Continuous Bioprocessing

Flow Monitoring in Continuous Processing and Single-Use Systems

Flow sensors placed at critical points in both upstream and downstream processes fulfill the regulatory goals of the process analytical technology (PAT) framework. PAT has been defined as a mechanism for design, analysis, and control of biotechnical and pharmaceutical manufacturing processes through measurement of critical process parameters (CPP). Constant flow monitoring can support its overall targets fundamentally to reduce production cycling time prevent rejection of batches enable real-time release increase automation and control improve energy and material use facilitate continuous…

Control of Protein A Column Loading During Continuous Antibody Production: A Technology Overview of Real-Time Titer Measurement Methods

During production of therapeutic antibodies, harvest titer is measured to monitor product mass loaded onto the protein A capture column. This prevents both column underloading (underusing expensive resin) and overloading (wasting product as flow-through (FT)) while allowing for column yield calculations. Batch production yields a single homogenous harvest pool, thus only one titer measurement (along with volume loaded) is sufficient to determine the mass loaded. During continuous production, however, cell-free harvest (permeate) continuously exits a perfusion reactor and loads a…

Advances and Challenges in Vaccine Development and Manufacture

Scientists have made significant breakthroughs in bioprocess and analytical technologies for supporting vaccine development. Such technologies have helped vaccine manufacturers achieve consistent product purity and quality rapidly and cost effectively. Although interest in vaccine development and manufacture continues to increase because of the rapid growth of the global vaccine market, this area of the bioprocess industry remains challenging and complex. Here we review the current constraints and complexities in the vaccine industry, specifically related to product development and manufacture. We…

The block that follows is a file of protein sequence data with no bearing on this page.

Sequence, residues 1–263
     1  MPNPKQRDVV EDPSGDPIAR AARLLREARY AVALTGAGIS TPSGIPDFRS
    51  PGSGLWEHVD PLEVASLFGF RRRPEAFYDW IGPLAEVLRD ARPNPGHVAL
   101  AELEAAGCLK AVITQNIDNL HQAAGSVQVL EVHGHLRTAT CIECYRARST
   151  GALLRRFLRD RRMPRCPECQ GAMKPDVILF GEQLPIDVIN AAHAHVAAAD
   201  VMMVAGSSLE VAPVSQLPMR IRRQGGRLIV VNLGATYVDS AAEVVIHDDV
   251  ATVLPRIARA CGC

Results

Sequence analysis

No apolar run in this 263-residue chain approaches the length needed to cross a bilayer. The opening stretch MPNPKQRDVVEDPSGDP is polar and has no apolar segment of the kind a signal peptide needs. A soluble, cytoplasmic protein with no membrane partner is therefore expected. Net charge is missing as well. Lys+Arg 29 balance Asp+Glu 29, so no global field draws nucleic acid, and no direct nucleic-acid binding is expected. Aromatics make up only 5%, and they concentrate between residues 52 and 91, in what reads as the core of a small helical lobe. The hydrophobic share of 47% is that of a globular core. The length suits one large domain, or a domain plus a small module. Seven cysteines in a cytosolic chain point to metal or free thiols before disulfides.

Continuous Biomanufacturing: A New Approach to Process Scale

The BioPhorum first-edition Technology Roadmap outlined a 10-year vision for therapeutic protein production in the biopharmaceutical industry (1). The roadmap describes multiple manufacturing scenarios ranging from large-scale (~20,000-L production) to small and agile, portable production facilities. It includes detailed analyses of the needs for the future in each of the following areas: Process technologies (2) Inline monitoring and real-time release (3) Automated facilities (4) Modular and mobile (5) Knowledge management (6) Supply partnership management (7). Since the 2017 publication of…

From Interest in Intensification to a Factory of the Future

Much has been published on improvements and advances in many individual technologies for biomanufacturing. If you take a comprehensive look at the field, however, you find overlap, muddling, and even contradiction about which particular processes or aspects of technological development should be designated properly as process intensification. Although the industry is addressing such distinct goals as improved manufacturing yield, product quality, and cost-effectiveness, the names of initiatives commonly applied to accomplish those goals overlap at best. Such ambiguity and lack…